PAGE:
Laws About Community Life
These verses deal with the matter of admission into the “assembly of the Lord.” John D.W. Watts defines the “assembly of the Lord” as “the official gathering of qualified citizens for purposes of annual religious feasts, war, or the determination of justice involving tribes … Only men participated in the assembly.” Those not allowed into the “assembly of the Lord” were men whose reproductive organs had been mutilated (23:1), men of illegitimate birth (23:2), and Ammonites and Moabites (23:3-6). The third generations of both Edomites and Egyptians could be allowed into the “assembly of the Lord.”
These verses deal with laws concerning cleanliness in military camps. God was concerned about the personal hygiene of the soldiers. Provision was to be made for toilet facilities outside the camp.
These verses express a concern for runaway slaves from other countries. The law made provision for their protection. The reason for this was perhaps because the Israelites themselves had once been slaves in Egypt.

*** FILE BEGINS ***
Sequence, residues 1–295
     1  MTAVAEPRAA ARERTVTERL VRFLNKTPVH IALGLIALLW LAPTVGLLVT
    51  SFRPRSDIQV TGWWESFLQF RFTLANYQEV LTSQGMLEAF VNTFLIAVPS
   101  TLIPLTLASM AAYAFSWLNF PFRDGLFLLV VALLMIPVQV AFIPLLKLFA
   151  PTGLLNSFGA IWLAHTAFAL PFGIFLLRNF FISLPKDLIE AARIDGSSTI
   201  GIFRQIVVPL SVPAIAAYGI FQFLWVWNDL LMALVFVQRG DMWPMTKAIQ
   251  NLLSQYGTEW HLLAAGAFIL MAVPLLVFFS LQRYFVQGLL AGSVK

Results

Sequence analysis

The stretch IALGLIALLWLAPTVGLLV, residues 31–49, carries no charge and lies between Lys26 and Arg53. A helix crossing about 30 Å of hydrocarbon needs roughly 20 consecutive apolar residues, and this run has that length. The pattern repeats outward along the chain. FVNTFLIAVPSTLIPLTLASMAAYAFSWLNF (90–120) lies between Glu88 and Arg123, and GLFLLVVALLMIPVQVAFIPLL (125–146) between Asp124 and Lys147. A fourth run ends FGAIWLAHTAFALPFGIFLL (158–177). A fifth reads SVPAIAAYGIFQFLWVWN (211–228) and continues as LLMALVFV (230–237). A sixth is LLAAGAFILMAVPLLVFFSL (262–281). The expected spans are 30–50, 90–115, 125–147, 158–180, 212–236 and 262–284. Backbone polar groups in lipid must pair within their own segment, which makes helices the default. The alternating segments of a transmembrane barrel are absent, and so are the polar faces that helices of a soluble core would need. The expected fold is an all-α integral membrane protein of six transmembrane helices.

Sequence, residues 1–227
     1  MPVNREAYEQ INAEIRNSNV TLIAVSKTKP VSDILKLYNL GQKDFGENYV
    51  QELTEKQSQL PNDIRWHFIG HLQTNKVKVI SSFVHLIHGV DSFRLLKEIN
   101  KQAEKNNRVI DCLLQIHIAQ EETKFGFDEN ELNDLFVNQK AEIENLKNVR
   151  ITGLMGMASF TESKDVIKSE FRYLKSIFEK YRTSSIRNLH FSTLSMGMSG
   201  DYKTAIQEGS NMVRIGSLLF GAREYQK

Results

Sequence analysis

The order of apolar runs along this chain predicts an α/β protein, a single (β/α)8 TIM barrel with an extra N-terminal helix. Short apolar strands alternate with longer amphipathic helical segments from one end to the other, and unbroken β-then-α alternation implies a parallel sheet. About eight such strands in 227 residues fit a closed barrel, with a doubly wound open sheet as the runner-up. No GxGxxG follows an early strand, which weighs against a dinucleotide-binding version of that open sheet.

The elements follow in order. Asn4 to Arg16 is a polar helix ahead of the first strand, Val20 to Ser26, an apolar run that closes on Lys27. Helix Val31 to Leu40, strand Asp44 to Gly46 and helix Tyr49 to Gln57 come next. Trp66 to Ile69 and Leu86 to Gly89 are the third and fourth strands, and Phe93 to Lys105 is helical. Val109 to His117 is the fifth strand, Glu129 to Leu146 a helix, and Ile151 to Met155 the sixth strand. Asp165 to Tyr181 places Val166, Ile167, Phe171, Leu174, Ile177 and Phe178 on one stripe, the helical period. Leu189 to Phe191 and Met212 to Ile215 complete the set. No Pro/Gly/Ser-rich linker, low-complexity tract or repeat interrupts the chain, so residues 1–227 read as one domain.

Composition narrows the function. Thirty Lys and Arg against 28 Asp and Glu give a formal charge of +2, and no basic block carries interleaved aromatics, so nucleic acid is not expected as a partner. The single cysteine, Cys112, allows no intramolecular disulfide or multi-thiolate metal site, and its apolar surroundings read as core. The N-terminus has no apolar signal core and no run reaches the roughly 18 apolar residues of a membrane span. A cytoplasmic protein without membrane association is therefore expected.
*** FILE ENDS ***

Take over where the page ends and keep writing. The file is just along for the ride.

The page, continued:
These verses discuss two laws related to prostitution. First, young women and men were prohibited from engaging in cult prostitution, a common pagan practice. Second, those who earned money through prostitution could not offer that money in the house of the Lord.
These verses prohibit loaning money to a fellow Israelite with interest but allow it in the case of loans to foreigners. Those who had financial means were not to take advantage of their brothers.
These verses deal with the matter of making vows. Notice the following considerations. First, God holds men accountable for the vows they make (23:21, 23). Second, it is permissible to refrain from making vows (23:22). Read also Ecclesiastes 5:4-5.
These laws make provision for travelers to refresh themselves in their neighbor’s vineyards or grain-fields. They could stop and eat but not carry anything away.